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Penguin Curry

Curry. If you're an American there's no middle ground. You despise or enjoy it. 

More than likely if curry evokes a negative reaction you've eaten the day long-simmering glop at the $5.99 all-ya-can-eat luncheon special ("Is that a dirty mop I smell?".)  No, the carefully prepared curry is a delight, an amalgamation of tastes and flavors that first titillate the nose than work over the tongue in many places with layers and nuances of deliciousness.

PenguinsWon, an EP'er also with splendid layers and nuances, is a published gourmet cook (not a professional chef for he would never compromise in the kitchen), not to mention a former power hitter in advertising and marketing who is lending a hand with my budding business, has not only graciously shared his delightful recipe for Lamb Curry but was awesomely kind enough to send me his extra-special blend of curry spices, a secret which he stubbornly guards.

If I use the word orgasmic to describe the consumption of the dish I might expect to be peppered with snide remarks. Bring 'em on.



The valuable spice arrives. Typical American reaction.




Foundation ingredients, clockwise from the cubed lamb: Apricot preserves, lime and
bay leaves, diced tomatoes, grated coconut, chicken stock (home made), chopped
jalapeno peppers, garlic and ginger, fruits for a chutney base.



Simmering. The flavors combine and intensify.



Plated with Basmati rice and a simple garnish of coconut.



Being eaten.



Ate!

Original Cape Malay Curry ~ The recipe

2 cups finely grated onion
1 Granny Smith apple peeled and chopped fine
1 35 oz can of diced tomatoes 

Saute onions and apple in 3tablespoons of butter until translucent. Add tomatoes.

Boil 1 cup of chicken stock; add 1 cup of unsweetened coconut and soak for an hour.

Coat 3 lbs of cubed stewing lamb with 3 tablespoons of curry powder and let site for a few hours. 
Brown the lamb.

In a food processor, blend:
3 T of lime juice
3 T fruit chutney
2 T apricot preserves
2 jalapenos chopped (keep the seeds)
2 inch piece of ginger
3 cloves of garlic

Add this mixture to the browning lamb and mix well.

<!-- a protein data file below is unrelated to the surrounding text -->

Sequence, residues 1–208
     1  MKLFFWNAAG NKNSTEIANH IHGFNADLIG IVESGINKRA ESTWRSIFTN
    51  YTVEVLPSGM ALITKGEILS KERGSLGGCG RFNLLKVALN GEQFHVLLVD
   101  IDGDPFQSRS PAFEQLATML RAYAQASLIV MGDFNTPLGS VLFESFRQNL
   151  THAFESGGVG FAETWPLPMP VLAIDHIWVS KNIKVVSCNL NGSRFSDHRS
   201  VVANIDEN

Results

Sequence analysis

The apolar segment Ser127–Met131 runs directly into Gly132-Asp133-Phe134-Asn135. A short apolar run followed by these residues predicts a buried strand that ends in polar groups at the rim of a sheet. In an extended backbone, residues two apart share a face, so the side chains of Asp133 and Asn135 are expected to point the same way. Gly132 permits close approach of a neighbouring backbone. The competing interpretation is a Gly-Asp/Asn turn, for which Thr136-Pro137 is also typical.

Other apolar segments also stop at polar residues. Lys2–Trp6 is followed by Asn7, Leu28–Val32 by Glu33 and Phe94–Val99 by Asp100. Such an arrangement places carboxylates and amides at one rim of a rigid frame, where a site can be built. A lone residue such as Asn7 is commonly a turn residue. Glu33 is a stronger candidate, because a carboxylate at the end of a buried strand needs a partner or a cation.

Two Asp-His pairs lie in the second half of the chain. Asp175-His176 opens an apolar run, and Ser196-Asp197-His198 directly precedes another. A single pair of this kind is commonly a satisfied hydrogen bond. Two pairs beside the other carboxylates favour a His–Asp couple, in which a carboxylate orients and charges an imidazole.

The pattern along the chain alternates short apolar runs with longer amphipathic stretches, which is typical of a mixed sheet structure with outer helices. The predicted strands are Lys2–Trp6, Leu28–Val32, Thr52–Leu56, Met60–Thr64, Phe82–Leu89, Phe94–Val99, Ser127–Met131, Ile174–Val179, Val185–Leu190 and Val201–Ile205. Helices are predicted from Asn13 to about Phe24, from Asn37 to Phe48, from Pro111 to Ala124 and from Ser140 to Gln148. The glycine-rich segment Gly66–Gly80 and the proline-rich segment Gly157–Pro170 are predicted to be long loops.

Add the tomato mixture
Add the coconut and the stock
Toss in two bay leaves

Cook at a simmer for the minimum of an hour. It is a dish that I can vouch for that does even better
when it can stand for a while.

Serve with grated coconut, chopped tomatoes and chutney on the side. Green peas and fresh
cauliflower worked for us.






HootieBootieInLuv HootieBootieInLuv 26-30, F 20 Responses Feb 19, 2012

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Especially good with manatee. Lovely!

Love, love, love curry and I'm from the U.S. lol Thank you for the wonderful recipe. I will have to give it a try :)

OMG ur here 2!?! UR like the second entry on this group, lol. Next u'll be running for president of the united states or local dog catcher.

You are going to love slumming it in Brick lane in London; Every possible type of curry house, every spice and flavour. Its like Bombay without the bad tummy.

Can't beat a good curry. I mix my own spices for the most part, and it's not as hard as many people think. Not sure about the availability of spices in the US, but here in the UK it's usually just a matter of going to the nearest South Asian shop and loading up on bags of pre-ground...

Amazing how a mere ocean can create such a difference. Indian food in general is not popular. Curry outside of the Indian kitchen in the States is unusual. One must search for the appropriate spices (the store-bought supermarket jar is always wrong or stale).

Yeah, I'm not fond of the pre-mix stuff as a rule. I did pick up some rather good pre-mix, however, in a now-closed take-away in Cardiff, where the young guy running the place had started selling his dad's traditional mixes along with ready-cooked meals. I've still got a little left, but it's past its best now, so goes in lentil soups :)